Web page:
When I walked back to my urban camp I thought my weary eyes were deceiving me. There were creatures snuffling all around it. To my utter delight, the creatures turned out to be Javelinas, a type of peccary and not a feral pig. I was stunned but managed to grab some cell phone footage of these Wal Mart wanderers. By the way, about my Ajo Bird in the last blog. A reader commented to suggest the bird was a curve-billed Thrasher. By guidebook to birds of this region confirmed that. So, at 03:30 from the Nogales Arizona Wal Mart parking lot, this blog’s for you.
“A smile is the shortest distance between two people.” …Victor Borge
I’ve been home a week now. If I thought things were a blur before…Wow! The memories swirl.
So much in such a short time; nearly 12,000 kilometres in five weeks. I feel like a big sponge, it’ll take a while to wring out. I’ve also managed to fall asleep while editing my photos and…well, there some incredible shots that you’ll never see. My banana fingers managed to keep on deleting after I nodded off. All the king’s techies can’t find Fred’s files again. BUGGA! You’ll have to take my word for it, there really were some amazing shots of Northern California and the South Oregon Coast.
Once out of the saddle I’ve taken my boots and socks off. Thus able to do the math I’m realizing how desperately financially broke I am for the moment. The good old truck, like a loyal pony, is dropping apart one piece at a time now that it’s home. So am I. The initial prognosis for my ankle is surgery. Of course the process requires that I help every medical specialist possible extract a Porsche payment from the system before the first diagnosis is firmly confirmed and a date for the grim day is set, and probably postponed, for some time far down the road. The weather here at home is cold and snowy and utterly miserable. In the last week a friend died tragically under very mysterious circumstances. I MISS MEXICO!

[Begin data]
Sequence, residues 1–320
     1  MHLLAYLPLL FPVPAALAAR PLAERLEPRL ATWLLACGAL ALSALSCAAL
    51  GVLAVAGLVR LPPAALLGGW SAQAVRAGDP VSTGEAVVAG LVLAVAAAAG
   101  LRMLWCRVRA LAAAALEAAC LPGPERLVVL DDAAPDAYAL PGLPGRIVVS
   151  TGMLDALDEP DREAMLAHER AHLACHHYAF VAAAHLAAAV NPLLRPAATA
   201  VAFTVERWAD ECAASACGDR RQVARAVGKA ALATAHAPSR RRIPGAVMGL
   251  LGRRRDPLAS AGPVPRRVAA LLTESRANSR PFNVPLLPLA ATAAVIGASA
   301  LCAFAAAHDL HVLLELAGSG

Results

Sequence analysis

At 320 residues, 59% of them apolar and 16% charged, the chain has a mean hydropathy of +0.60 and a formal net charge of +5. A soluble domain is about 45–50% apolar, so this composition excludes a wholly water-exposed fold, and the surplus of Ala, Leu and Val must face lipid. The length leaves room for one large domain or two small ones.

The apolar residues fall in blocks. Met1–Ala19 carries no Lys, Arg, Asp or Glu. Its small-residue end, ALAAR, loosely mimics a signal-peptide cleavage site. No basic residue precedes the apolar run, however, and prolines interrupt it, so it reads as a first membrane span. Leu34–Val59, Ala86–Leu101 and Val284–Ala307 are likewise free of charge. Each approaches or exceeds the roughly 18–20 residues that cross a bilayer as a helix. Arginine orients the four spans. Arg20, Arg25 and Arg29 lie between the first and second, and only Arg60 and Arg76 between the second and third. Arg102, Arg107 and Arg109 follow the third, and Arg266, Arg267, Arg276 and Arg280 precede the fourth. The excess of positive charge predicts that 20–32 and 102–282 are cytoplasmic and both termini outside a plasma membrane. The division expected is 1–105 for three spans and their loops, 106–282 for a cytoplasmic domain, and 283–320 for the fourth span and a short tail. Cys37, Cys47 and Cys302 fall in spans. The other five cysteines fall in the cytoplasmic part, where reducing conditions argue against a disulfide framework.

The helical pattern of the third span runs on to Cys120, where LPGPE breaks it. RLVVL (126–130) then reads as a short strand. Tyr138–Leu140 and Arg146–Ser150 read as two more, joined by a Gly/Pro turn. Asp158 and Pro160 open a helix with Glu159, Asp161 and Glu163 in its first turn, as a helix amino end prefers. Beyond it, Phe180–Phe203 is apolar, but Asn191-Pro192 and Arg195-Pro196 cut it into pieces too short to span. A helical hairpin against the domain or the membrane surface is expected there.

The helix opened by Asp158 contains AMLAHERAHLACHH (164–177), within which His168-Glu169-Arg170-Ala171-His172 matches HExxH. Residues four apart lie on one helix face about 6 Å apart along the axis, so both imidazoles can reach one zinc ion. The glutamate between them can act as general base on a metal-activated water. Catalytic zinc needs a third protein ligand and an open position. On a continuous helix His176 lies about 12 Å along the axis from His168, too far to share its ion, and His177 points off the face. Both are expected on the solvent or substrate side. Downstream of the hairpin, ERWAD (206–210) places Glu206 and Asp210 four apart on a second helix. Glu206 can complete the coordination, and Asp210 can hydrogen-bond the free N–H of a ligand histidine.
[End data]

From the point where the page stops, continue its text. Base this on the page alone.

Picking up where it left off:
Old ‘Seafire’ is happily afloat and looking good. The recent snow has scrubbed her clean. She’s cold and damp inside but there are no apparent leaks and the old girl is tugging at her lines, wanting to get off the dock. I am now more confused than ever. I love this boat and all the dreams and assurances she provides me. She has been my home for a few years now. ‘Seafire’ is the cumulation of all the other boats I’ve owned and put so much of my life into. However, the epiphanies I sought and found are telling me things entirely unexpected.
For half of my life I have had myself convinced that I could not live away from the sea and that a man without a boat is a prisoner. If I did not own a boat, I felt like a worm. I am suddenly realizing that several hundred miles inland I survived healthily and happily. In fact, in the dry desert air, I found I could breath better than I have in years.
I actually found the same feeling of fulfilment in the vastness and mystery of the desert that I do at sea.
I have realized how much I have denied myself by accepting a barrier that kept me from travelling inland of the shore and accepting the richness of this planet which is available everywhere to perceptive people. I am also realizing the profundity of my own words when I condemn materialism.
Have I owned several boats or have they owned me? Why are my sailing friends with the most sea time also the folks who’ve never owned a damned boat in their lives?
The devastation of the ongoing recession in the US is clear. I saw people of my age, begging on the street corners. They carry home-made cardboard signs saying things such as, “We’ve lost every thing. Any help gratefully accepted.” How close we all live to the edge! I know the clear-eyed dignity of Mexican peasants and their children and realize that despite my awareness and all my words, I am as hard-wired for our superficial, consumer culture as anyone. I truly wonder who are the truly rich people. Is it those who know how little they need? In Mexico, the roadside crosses of the poor and those better off all mark people’s passing who are all equally dead.
I am among the growing numbers who ask questions and I do really want to end my days outside of the sheep pens most of us willingly inhabit. I remember George Carlin’s last time on stage and his parting words, “Folks, it’s all bullshit!” I met folks who have been freed of their life in a rut, their possessions and all the entrapment of contemporary North American life. They now live as happy wanderers and have learned to see each day for the glorious experience it can be. Repeatedly, I heard from each that one of their joys is realizing how little material stuff they actually need. Collectively they all seem to be enjoying a liberation and freedom previously unimagined. The lies which ran their lives are shattered.